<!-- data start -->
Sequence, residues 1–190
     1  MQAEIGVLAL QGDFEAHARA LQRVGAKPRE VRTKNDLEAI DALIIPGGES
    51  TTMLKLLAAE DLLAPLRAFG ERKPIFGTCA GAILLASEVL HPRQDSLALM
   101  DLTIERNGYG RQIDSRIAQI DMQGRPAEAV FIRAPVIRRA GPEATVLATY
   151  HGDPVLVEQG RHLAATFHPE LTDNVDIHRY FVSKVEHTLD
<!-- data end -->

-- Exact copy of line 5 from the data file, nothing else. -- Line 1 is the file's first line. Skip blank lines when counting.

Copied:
   151  HGDPVLVEQG RHLAATFHPE LTDNVDIHRY FVSKVEHTLD